In Football/Soccer/The one where you kick the spherical ball around when you are in the lead you tend to want to kill time and run out the clock. If you can get another goal then great, but it is much safer and easier to just keep clearing the ball and slowing the pace of the game down so that the other team doesn't get a point and tie up the game. When one team has the lead the win states for both teams going forward change, the team in the lead can win by either getting more goals or by just preventing the other team from getting goals. The losing side has fewer win conditions, they must get goals and the singularity of their win condition makes it easier for the opposing team to deny them this. In soccer advantage isn't expressed via all the players on one side getting a stat boost, rather the advantage is expressed via the fact that now the status quo is on their side.

The status quo doesn't always favor the side currently in the lead though, it can sometimes favor the team that is behind. There is of course my imaginary fighting game where the player with less health wins when the clock runs out, but there are also less imaginary games that have this trait. For example FPS games where the player's health quickly regenerates, either due to a recharging shield or perhaps because everyone on the battlefield is Wolverine. Imagine you just shot someone in Call of Duty, they now have less health than you but you know that if you wait 5 seconds they will get all their health back and then your advantage is gone. When you have an advantage in health you can't just sit on that advantage as if you do it will disappear shortly, you have to press that advantage home in order to get the kill.

Similarly if you are in Team Fortress 2 playing Capture the Flag then getting a kill on an enemy player can be a huge advantage for your team, you are now a player up (assuming you have an equal number of players). But that dead enemy player is going to respawn soon and just getting kills doesn't matter as you can never win the game by just getting kills, at some point you actually have to grab the enemy flag. In that case the Onus of Playmaking is on the team with the advantage. They have a player advantage but that advantage is just an opening, a window, if not pressed then the game will undo that advantage and reset the game back to even. You don't just get to have an advantage and sit on it, you must press that advantage if you are to win.

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If you do succeed though and do actually capture the intelligence then your team is in the lead. If there is a time limit on the match then your team has the same advantage those soccer players have as they can either get more points or simply deny the enemy point in order to win. In that larger context then you lose the Onus of Playmaking, even if you get further opportunities by picking off enemy players. All of a sudden your team becomes fine with nothing happening as nothing happening results in your team's victory.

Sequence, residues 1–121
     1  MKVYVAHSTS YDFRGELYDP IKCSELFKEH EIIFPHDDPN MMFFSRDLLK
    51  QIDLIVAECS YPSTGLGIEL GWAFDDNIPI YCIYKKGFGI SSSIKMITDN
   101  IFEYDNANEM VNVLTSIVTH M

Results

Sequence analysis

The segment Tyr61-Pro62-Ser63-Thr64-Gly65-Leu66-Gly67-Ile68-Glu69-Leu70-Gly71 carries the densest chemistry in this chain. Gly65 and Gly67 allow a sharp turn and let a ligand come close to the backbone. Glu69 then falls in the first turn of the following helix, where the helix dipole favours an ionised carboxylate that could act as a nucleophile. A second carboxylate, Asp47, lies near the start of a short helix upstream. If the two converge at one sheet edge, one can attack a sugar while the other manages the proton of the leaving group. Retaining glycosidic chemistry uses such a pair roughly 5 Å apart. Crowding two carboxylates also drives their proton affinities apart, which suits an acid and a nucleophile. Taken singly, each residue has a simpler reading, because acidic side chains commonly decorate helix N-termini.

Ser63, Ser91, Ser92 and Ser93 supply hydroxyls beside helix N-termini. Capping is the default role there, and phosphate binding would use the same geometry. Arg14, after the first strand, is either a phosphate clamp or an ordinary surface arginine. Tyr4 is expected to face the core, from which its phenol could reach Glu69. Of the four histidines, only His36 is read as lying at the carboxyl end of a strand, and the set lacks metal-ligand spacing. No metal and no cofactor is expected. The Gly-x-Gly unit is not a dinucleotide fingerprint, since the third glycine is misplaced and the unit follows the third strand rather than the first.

In MOBA games, like DOTA or LOL, if you kill the enemy team or push down their towers then you get a gold advantage. You get more gold which means you get more items which means you have more stats and activatables with which to get more kills and thus more advantages. This is very snowbally, but it must be snowbally to a certain extent because when you have an advantage you can never just sit on it, that gold advantage must be pressed into a larger one as the game goes on if you want to win. If you get an early lead and then do nothing with that lead, things like destroying towers, killing enemy players, or denying them farm, then that advantage slowly drains away.

Having 400 gold lead on your enemy is a big deal when the enemy only has 800 gold but when you both have 10,000 gold that 400 gold advantage doesn't seem to matter as much. Having more gold doesn't win you the game, it simply makes winning easier. You can't just sit back and wait for a victory regardless of how far ahead you are, the team in the lead always has to do something to claim their victory. In this way the Onus of Playmaking is on the winning team and the goal of the losing team is to play the waiting game and hope they can endure the enemy's advantage until either it diminishes enough to put them both on roughly even footing again or until the enemy team makes a bad play that can be taken advantage of.

Who has to make the plays, who has to disrupt the status quo? The answer to these questions vary from game to game and are a result of how a game expresses an advantage. Is the advantage a temporary window that must be pressed in order to win then the game? Or is it perhaps a permanent one that must be overcome by the losing side in order to win the game? Which side do you want to force playmaking upon? Who do you want to have to overcome the status quo in order to win?

Does that all make sense?